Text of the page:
Israel intensifies strikes in southern Gaza, hitting second-largest city

The Israeli military ratcheted up its air offensive in southern Gaza overnight as the country continues its ground invasion into the south of the territory.

Strikes were focused on Khan Younis, Gaza’s second-largest city. Southern Gaza is estimated to house the entire Gazan population — about 2.3 million people — most already displaced from their homes.

Evacuation demands expanded to neighborhoods in and around Khan Younis on Tuesday, The Associated Press reported, impacting more than 150,000 more people.

Due to U.S. pressure, the Israeli military said it is being more precise in southern Gaza compared to earlier attacks in the north, when weeks of bombardments effectively leveled Gaza City.

Humanitarian leaders warned that already poor conditions and aid infrastructure would only worsen as the Israeli military advanced south — as civilians run out of safe places to flee. Gazans can not leave the territory, as borders are closed with neighboring Egypt.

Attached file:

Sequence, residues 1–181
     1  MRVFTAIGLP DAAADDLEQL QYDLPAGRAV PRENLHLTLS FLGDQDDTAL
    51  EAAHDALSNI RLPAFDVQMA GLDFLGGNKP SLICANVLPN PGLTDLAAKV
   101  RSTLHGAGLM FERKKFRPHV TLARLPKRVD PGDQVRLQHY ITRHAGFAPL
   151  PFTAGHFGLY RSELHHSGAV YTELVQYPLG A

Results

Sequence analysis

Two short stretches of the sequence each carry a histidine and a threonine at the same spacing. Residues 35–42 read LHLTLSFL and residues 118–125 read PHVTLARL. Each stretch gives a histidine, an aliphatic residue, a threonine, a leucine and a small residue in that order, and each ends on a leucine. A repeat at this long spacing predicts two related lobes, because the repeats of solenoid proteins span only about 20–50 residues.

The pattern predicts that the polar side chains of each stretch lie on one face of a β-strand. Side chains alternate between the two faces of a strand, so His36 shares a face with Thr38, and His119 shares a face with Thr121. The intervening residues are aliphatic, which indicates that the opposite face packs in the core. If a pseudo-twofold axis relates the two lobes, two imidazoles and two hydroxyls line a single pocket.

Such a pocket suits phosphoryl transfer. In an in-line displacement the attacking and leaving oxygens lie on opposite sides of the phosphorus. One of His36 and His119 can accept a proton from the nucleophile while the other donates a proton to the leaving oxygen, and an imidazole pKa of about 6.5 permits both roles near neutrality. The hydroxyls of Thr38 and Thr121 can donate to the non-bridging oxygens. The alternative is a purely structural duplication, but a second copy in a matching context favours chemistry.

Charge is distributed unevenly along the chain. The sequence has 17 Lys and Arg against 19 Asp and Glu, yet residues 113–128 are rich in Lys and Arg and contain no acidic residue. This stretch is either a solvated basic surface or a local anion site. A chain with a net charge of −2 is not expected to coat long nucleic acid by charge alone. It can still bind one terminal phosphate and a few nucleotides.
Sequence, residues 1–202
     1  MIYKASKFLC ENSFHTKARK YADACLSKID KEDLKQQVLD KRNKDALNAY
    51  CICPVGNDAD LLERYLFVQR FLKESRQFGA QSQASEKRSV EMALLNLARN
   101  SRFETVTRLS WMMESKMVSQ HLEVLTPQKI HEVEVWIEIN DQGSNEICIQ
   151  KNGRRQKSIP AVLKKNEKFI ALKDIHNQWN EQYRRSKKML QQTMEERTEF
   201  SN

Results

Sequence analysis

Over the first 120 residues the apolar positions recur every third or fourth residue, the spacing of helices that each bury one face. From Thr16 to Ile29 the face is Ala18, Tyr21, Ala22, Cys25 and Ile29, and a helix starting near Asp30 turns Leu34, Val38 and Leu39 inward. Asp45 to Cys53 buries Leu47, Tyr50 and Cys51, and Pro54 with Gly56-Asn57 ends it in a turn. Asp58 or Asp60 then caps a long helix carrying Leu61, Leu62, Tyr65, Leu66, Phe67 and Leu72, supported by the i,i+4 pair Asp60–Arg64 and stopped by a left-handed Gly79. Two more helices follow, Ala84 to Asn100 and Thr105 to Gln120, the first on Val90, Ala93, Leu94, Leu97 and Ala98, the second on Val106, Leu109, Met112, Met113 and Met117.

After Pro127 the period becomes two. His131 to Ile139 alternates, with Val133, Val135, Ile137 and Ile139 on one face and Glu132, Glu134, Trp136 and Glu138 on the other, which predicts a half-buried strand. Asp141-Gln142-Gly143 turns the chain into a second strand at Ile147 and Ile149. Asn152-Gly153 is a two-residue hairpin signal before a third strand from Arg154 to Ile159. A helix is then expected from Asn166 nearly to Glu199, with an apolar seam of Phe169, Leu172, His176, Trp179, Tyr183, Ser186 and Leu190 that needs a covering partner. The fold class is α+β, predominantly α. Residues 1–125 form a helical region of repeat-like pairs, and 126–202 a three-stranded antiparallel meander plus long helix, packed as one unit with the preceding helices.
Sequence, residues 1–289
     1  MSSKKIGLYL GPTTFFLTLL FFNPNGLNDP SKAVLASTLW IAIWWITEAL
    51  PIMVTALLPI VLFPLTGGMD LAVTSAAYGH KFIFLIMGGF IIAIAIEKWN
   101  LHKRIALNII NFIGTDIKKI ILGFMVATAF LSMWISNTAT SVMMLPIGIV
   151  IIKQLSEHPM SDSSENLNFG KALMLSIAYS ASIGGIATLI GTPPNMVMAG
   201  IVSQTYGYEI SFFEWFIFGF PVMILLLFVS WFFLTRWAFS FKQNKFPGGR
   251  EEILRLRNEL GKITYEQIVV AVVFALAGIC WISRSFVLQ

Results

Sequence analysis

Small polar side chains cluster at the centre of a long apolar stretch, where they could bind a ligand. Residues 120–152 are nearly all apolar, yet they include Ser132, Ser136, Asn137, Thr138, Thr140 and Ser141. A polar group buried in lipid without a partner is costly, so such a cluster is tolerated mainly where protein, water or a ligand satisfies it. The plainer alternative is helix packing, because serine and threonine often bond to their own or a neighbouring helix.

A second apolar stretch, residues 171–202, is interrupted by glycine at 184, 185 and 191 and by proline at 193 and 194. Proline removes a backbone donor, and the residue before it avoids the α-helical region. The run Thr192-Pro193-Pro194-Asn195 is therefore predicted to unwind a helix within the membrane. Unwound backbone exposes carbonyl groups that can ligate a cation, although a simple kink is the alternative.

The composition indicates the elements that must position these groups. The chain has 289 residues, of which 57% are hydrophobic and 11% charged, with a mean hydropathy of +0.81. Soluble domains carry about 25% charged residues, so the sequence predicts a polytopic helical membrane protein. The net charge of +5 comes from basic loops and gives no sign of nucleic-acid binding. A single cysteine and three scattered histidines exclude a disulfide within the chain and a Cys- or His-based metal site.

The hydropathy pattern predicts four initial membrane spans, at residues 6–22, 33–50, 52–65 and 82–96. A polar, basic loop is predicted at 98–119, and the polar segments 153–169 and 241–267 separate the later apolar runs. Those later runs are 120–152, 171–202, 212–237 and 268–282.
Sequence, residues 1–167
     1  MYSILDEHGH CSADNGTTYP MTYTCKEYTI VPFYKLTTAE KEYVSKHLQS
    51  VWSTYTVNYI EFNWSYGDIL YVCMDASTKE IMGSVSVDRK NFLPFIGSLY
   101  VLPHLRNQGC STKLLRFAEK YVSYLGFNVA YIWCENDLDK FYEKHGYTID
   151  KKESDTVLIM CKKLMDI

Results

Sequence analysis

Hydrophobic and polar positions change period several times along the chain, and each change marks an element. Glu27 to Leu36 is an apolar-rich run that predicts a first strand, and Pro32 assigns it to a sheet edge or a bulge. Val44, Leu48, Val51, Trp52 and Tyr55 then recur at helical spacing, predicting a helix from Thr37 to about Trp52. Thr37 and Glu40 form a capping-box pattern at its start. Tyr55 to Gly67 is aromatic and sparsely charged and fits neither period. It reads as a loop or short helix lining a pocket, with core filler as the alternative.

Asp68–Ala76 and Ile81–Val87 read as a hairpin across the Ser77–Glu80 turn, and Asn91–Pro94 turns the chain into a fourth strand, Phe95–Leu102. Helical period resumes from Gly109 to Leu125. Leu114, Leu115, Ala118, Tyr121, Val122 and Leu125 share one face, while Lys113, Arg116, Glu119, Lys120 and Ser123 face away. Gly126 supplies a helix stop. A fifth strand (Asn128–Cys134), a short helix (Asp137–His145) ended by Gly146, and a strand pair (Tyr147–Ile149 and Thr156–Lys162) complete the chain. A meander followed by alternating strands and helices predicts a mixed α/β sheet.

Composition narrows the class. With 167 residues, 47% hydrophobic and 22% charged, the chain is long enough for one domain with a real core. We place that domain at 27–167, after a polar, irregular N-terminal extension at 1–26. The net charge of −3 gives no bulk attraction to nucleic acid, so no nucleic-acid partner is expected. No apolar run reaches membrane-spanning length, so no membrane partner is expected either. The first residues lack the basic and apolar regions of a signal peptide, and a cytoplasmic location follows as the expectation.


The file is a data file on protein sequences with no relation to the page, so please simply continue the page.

“Nowhere is safe in Gaza; and there is nowhere left to go,” Lynn Hastings, the U.N. humanitarian coordinator for the Palestinian territories, said Monday. “The conditions required to deliver aid to the people of Gaza do not exist. If possible, an even more hellish scenario is about to unfold.”

About 15,900 Palestinians have died in the war so far, according to the Gaza Health Ministry. That significant and rising toll has sparked immense pressure on the Israeli and U.S. governments, as critics say the Israeli military strategy has put too many civilians at risk.

On Saturday, U.S. Secretary of Defense Lloyd Austin warned that further civilian casualties would only assist Hamas in its war effort.

“In this kind of a fight, the center of gravity is the civilian population,” he said. “And if you drive them into the arms of the enemy, you replace a tactical victory with a strategic defeat.”

Defense analysts warned that fighting in the extremely dense, urban Khan Younis could be the most difficult of the conflict.

The war in Gaza began in early October, after Hamas killed about 1,200 Israelis in a surprise attack on border communities.

Fighting resumed Friday after a week-long pause to free nearly half of the approximately 240 hostages believed to be held by Hamas.

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